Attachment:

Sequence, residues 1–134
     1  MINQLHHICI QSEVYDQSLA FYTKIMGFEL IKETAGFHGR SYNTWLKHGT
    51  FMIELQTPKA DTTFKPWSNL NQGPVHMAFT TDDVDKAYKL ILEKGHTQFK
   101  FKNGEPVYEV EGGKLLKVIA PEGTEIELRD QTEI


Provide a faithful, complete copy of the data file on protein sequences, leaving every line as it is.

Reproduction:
Sequence, residues 1–134
     1  MINQLHHICI QSEVYDQSLA FYTKIMGFEL IKETAGFHGR SYNTWLKHGT
    51  FMIELQTPKA DTTFKPWSNL NQGPVHMAFT TDDVDKAYKL ILEKGHTQFK
   101  FKNGEPVYEV EGGKLLKVIA PEGTEIELRD QTEI